New York Trio Recordings, Vol. 2: Voices is a sequel to Marc Copland's March 2006 date New York Trio Recordings, Vol. 1: Modinha, but with a slightly different lineup. Copland is still on acoustic piano, and Gary Peacock is still on upright bass; however, the drummer on Voices (which was recorded three months after Modinha) is Paul Motian instead of Modinha's drummer, Bill Stewart. Copland, Peacock, and Motian are certainly an appealing combination, and the three of them enjoy a consistently strong rapport on a 47-minute CD that is dominated by Copland and Peacock compositions. The only thing on this album that was not written by either Copland or Peacock is Miles Davis' "All Blues," which receives an unusually impressionistic treatment. Many other recordings of "All Blues" have favored a strong groove factor, but Copland's intriguing version chooses to probe and reflect rather than groove. Voices, which was recorded about two weeks after Copland's 58th birthday, does not go out of its way to be accessible; the performances tend to be on the cerebral side -- not cerebral in an avant-garde or free jazz way, but cerebral in a post-bop way -- and listeners will need to play Voices several times before they can fully appreciate all of the nuances in Copland's solos (which still underscore his appreciation of Bill Evans, Keith Jarrett, and Chick Corea). Those who do not demand instant gratification from music will find Voices to be a worthwhile follow-up to Modinha and a solid example of acoustic post-bop trio pianism.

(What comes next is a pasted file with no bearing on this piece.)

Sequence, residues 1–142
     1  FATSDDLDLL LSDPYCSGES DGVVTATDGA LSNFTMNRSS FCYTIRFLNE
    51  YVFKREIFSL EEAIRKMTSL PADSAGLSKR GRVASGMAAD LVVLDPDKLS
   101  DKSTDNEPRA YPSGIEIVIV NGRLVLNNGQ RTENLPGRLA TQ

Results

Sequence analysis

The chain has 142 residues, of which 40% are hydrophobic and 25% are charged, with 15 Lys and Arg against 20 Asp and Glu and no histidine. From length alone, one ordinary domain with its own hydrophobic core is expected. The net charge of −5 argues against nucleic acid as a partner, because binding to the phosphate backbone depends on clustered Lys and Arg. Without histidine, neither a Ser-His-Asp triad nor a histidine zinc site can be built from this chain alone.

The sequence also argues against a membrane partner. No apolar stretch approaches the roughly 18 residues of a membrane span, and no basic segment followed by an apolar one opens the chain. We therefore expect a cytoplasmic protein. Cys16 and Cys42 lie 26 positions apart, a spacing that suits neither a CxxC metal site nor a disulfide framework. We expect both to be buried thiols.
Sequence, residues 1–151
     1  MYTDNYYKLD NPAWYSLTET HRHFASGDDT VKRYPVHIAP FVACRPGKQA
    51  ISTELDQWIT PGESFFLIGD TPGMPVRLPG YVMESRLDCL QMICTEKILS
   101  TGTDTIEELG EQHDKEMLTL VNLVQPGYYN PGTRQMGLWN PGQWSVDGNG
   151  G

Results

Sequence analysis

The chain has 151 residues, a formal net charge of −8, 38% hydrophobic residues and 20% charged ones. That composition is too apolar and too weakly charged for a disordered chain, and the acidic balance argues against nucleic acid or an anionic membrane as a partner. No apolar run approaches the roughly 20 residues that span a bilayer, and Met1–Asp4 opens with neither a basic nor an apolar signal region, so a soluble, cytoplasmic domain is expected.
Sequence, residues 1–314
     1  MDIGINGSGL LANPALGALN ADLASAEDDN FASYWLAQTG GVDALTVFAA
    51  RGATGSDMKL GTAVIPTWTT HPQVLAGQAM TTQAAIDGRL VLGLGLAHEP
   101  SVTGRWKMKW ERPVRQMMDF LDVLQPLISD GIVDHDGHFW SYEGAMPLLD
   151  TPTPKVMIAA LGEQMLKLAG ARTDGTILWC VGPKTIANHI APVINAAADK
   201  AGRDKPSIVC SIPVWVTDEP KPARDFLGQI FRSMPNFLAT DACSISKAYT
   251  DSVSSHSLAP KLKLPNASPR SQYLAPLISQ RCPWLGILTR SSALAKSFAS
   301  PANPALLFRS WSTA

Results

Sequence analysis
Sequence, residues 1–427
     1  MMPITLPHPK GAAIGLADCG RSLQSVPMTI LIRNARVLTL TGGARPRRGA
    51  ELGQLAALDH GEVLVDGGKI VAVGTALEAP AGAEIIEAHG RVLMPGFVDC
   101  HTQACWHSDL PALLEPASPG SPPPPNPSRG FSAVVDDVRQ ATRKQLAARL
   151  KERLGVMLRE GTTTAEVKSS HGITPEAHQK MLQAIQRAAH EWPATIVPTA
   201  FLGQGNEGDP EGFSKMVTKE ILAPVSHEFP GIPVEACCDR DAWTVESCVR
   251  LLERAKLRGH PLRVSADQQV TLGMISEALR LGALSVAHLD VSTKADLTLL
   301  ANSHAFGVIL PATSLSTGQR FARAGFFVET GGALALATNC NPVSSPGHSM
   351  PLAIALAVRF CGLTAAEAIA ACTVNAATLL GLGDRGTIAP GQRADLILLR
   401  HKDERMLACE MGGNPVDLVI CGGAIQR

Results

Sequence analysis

AllMusic Review by Alex Henderson